15 

 

 

Note 8. Related Party Transactions

 

Management Fee Income

 

PRM recognized management fee income of $0.3 million for each of the three months ended March 31, 2021 and 2020. These amounts are included in “Fee and other income” in the Company’s Consolidated Statements of Operations. Accrued management fees receivable of $0.3 million as of March 31, 2021 and December 31, 2020 are included in “Rents and other receivables” in the Company’s Consolidated Balance Sheets.

 

Related Party Lease

 

On October 1, 2018, the Predecessor entered into a lease for office space in Cedarhurst, New York with an entity affiliated with the Predecessor (the “Office Lease”). Pursuant to the Office Lease, the monthly rent was $15,000 subject to escalations. The term of the Office Lease was five years commencing on October 1, 2018 (with rent commencing on January 1, 2019) and was set to expire on September 30, 2023. In connection with the IPO, the Office Lease was terminated. On May 17, 2019, the Company entered into a new lease for office space in Cedarhurst, New York with an entity affiliated with the Company’s CEO (the “New Lease”). Pursuant to the New Lease, the monthly rent is $15,000 subject to escalations. The term of the New Lease is five years commencing on May 17, 2019 and will expire on May 16, 2024. Rental expenses associated with the office lease for each of the three months ended March 31, 2021 and 2020 was $0.05 million and was recorded in “General and administrative expenses” in the Company’s Consolidated Statements of Operations. The Company determined this lease was an operating lease. For further detail see Note 6 – Leases.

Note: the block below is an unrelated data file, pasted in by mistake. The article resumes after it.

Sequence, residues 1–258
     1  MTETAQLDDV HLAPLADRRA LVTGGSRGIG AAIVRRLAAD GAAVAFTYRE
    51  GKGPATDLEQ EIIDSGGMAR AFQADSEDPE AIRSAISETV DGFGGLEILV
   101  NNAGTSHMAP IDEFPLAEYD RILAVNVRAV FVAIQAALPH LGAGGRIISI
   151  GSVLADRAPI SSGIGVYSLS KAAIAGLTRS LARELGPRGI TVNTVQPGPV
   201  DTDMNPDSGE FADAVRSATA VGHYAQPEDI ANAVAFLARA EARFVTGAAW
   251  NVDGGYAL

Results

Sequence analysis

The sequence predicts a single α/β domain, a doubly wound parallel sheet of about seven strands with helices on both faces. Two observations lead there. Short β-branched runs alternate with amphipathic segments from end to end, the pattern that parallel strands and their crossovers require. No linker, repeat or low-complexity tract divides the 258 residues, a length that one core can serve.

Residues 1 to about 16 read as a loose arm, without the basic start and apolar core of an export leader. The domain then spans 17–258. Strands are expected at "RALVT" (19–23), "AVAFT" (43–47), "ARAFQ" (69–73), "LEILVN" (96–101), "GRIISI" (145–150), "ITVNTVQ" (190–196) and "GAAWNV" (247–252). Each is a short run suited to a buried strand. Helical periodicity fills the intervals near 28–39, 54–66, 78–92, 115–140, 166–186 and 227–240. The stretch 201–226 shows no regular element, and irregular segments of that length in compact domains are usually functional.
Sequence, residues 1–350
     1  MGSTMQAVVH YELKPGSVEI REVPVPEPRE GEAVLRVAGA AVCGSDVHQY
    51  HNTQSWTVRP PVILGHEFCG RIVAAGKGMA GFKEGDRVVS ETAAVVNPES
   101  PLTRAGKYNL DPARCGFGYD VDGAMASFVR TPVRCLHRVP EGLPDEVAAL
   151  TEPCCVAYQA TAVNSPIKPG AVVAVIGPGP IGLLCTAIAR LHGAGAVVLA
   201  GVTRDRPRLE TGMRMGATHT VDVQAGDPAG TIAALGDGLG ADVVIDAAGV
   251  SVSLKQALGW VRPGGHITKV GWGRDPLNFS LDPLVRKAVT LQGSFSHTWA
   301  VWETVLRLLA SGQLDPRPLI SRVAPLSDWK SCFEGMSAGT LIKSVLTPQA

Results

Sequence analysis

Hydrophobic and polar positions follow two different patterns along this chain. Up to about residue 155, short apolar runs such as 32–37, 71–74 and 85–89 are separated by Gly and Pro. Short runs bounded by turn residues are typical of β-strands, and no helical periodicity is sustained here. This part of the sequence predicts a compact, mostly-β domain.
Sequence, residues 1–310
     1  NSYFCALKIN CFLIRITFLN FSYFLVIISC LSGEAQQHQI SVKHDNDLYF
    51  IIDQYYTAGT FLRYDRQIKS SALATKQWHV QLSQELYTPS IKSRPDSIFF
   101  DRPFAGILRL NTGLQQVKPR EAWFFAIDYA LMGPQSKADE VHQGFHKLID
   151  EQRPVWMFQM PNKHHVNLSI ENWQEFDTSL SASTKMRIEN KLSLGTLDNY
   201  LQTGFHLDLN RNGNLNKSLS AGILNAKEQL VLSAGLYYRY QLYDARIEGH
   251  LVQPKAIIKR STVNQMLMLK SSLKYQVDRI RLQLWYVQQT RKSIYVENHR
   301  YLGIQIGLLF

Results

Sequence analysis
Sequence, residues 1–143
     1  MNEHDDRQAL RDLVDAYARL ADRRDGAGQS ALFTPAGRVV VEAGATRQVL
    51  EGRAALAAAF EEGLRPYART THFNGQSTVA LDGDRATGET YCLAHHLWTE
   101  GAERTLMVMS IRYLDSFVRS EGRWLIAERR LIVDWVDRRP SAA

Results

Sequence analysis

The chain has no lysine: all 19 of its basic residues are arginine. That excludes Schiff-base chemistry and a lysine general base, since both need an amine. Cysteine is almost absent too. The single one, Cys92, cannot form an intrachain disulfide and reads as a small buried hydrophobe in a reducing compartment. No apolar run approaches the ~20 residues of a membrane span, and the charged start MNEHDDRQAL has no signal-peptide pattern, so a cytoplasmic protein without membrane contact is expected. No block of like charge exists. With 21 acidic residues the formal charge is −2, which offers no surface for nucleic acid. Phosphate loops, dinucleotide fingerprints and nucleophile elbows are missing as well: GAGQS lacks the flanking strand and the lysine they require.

Transfer of Real Property

 

On May 28, 2020, the Company completed the separation of deed and transfer of the real property attributable to a de minimis non-postal tenant that shares space in a building leased to the USPS. At the time of the IPO a property located in Milwaukee, WI, a portion of which is leased to the USPS, was contributed to the Company. It was intended that the non-postal portion of the property would revert back to an entity affiliated with Mr. Spodek once a separation of the deed was completed. The portion of the property leased to the USPS remains owned by a wholly owned subsidiary of the Operating Partnership. The independent members of the Company’s Board of Directors ratified the no consideration transfer.